A fine example of a Laurence Fellows illustration – the detail (espadrilles!) and style are glorious

 

As noted by the Grey Fox, the gentlemen depicted in Fellow’s illustrations are largely, older, incredibly dapper, dressed appropriately for each activity, and I have to say – extremely fit.  In an ideal world for men, they all would be 6’1″, broad shoulders slim hips, and just enough muscle to do a few laps in an Olympic-sized pool before cocktails.  Here are a few fine examples of the man he portrays:

 

Laurence Fellows swimsuit
Note the grey hair and receding hairline.
LF fit getting dressed
Looking mighty fine in his boxers

And then at work:

man at work
No apologies for age

 

 

As with so many things on the internet, one obsession leads to another, and I was determined to find the equivalent for women – to absolutely no avail.  Lovely illustrations of young women in beautiful dresses, lounging, shopping are everywhere,

 

and then this one of a young lady struggling to get out of a car:

 

LF woman and car
This skirt is too long and tight

A woman does need a few role models and while these were not found in fashion they were around in real life with women like these:

Ladies in tennis trousers
No, we’re not smiling for the camera
Ladies in 20s suit
I’ll stand on top of this building cause I feel like it
Anne Marie
Annemarie Schwarzenbach, the adventurer, and clearly doing her own thing

If you think about advertising today, not much has changed.  In the real world, women are operating in virtually every field at all levels (not so much at the very top) and yet most depictions are delivered through the male gaze – or at least, what we believe to be the male gaze.  I wonder if men find the images of made-up 15 year olds as attractive and alluring as we believe?  I give them more credit.

We know that all women love to see a grey-haired model wearing beautiful clothes and living an interesting, engaging life, because we’re all going in that direction.  Like I did on my browsing binge, you have to look for the images that inspire you.  Of course, you will always find them here.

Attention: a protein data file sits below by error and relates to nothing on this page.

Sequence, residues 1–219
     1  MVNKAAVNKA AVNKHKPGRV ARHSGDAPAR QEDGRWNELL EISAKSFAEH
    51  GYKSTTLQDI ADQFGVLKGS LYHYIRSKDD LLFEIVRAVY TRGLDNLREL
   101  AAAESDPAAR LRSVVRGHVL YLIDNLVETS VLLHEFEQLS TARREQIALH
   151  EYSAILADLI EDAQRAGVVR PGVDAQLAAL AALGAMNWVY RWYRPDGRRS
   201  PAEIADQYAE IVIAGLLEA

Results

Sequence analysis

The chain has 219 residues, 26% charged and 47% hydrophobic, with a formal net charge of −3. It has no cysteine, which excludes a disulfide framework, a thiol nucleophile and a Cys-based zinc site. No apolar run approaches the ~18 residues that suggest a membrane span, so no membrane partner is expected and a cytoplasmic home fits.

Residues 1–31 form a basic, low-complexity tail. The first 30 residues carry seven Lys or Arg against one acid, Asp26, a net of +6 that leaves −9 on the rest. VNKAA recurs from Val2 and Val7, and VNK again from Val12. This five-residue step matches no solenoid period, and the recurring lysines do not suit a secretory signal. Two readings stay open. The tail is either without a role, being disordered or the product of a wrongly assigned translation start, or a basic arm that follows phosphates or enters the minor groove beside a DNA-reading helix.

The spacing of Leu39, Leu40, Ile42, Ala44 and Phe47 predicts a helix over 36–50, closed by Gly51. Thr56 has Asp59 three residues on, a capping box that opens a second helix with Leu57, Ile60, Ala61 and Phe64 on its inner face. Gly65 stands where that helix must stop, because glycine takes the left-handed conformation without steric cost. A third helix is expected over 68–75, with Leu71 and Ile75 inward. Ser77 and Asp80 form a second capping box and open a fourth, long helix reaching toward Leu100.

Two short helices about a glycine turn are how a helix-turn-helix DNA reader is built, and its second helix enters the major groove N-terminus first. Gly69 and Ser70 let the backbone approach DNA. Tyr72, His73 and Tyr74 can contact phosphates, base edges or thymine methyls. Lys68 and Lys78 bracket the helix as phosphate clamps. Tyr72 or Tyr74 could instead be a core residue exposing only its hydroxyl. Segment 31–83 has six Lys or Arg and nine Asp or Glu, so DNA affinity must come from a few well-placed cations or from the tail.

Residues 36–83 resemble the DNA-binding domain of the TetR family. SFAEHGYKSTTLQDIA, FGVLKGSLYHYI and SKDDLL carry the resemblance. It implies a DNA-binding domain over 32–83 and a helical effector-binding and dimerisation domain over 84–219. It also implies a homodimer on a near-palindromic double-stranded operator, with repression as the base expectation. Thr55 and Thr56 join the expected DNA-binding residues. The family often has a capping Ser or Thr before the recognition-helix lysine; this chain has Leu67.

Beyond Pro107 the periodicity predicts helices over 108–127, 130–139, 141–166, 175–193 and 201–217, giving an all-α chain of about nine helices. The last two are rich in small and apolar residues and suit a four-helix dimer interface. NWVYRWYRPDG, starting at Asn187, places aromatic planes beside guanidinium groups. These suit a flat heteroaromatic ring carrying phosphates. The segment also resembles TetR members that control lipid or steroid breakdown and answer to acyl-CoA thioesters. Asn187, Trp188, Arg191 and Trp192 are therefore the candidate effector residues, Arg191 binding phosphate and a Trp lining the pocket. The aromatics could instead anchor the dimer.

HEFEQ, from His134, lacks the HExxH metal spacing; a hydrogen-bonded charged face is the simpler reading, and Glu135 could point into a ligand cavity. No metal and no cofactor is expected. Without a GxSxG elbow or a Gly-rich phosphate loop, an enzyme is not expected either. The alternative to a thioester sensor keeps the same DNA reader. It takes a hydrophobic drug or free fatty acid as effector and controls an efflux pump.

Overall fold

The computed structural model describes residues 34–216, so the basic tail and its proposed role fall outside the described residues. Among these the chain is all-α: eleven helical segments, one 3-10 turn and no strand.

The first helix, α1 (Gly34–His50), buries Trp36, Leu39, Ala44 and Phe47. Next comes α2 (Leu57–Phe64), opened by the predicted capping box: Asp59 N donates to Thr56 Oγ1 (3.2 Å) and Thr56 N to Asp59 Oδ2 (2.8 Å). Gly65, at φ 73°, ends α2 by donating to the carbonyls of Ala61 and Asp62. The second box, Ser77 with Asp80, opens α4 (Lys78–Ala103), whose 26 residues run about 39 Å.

Follow the Great Woman on Pinterest.

The Grey Fox is a terrfic blog presenting the stylish older man, suitable for all men.

The Gentlemen’s Gazette, another style blog for men.

The trouble with gender

GI joe and barbi
Barbie and GI Joe

 

Passing on for your general edification (and hopefully an opinion or two) Mark Manson’s thoughts on feminism brought to you by his website MarkManson.net and entitled What’s the problem with feminism?

And if you want to see the other half of the equation try What’s the problem with men?

I can’t remember a time when gender, transgender, no-gender has  been so debated.  The rights of one compared to the others, the study of gender, the constraints and advantages.  I would like to move beyond gender and do what suits me as a person.  But as these articles point out, we remain largely constrained by ideas of the feminine and masculine, where happiness and success are measured against outdated norms.

I’ve just discovered Mark Manson and hope you enjoy his writing as much as I do.

The question I put to you, are you willing and ready to be truly equal?  Would you miss any of the privileges your gender provides?  Hmmm.

The Great Woman weekend

A few things to catch up on this weekend. Some mind-blowing (Cindy Gallop interview), some illuminating (women drinking too much), women have been in STEM for decades (Beatrice Shilling and Mercury 13).

How did I not know about this podcast?

Role Models podcast

The Role Models Podcast: The Role Models Podcast is a series of interviews that captures and shares the stories of inspiring women. These are far-reaching conversations with female leaders we look up to. We discuss how they got to where they are – including the lessons they’ve learned, the decisions they’ve made, and the challenges they’ve tackled.  And start with this one with Cindy Gallop – a dose of straight talking.

Cindy
Cindy Gallop interview